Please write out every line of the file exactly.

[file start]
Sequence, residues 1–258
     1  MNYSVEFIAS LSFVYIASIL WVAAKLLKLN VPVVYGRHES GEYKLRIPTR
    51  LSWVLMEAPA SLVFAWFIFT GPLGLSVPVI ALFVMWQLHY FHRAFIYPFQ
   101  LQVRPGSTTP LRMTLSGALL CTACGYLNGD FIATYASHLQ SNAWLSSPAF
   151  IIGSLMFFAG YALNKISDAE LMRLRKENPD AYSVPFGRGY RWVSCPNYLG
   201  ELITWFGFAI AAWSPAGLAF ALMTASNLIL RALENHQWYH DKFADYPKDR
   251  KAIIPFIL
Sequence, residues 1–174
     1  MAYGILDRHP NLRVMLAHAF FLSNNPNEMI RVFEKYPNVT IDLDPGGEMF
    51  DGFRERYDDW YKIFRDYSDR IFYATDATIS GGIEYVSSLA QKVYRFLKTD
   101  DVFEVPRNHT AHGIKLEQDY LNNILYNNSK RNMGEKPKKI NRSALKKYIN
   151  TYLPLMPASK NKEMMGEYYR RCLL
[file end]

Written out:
Sequence, residues 1–258
     1  MNYSVEFIAS LSFVYIASIL WVAAKLLKLN VPVVYGRHES GEYKLRIPTR
    51  LSWVLMEAPA SLVFAWFIFT GPLGLSVPVI ALFVMWQLHY FHRAFIYPFQ
   101  LQVRPGSTTP LRMTLSGALL CTACGYLNGD FIATYASHLQ SNAWLSSPAF
   151  IIGSLMFFAG YALNKISDAE LMRLRKENPD AYSVPFGRGY RWVSCPNYLG
   201  ELITWFGFAI AAWSPAGLAF ALMTASNLIL RALENHQWYH DKFADYPKDR
   251  KAIIPFIL
Sequence, residues 1–174
     1  MAYGILDRHP NLRVMLAHAF FLSNNPNEMI RVFEKYPNVT IDLDPGGEMF
    51  DGFRERYDDW YKIFRDYSDR IFYATDATIS GGIEYVSSLA QKVYRFLKTD
   101  DVFEVPRNHT AHGIKLEQDY LNNILYNNSK RNMGEKPKKI NRSALKKYIN
   151  TYLPLMPASK NKEMMGEYYR RCLL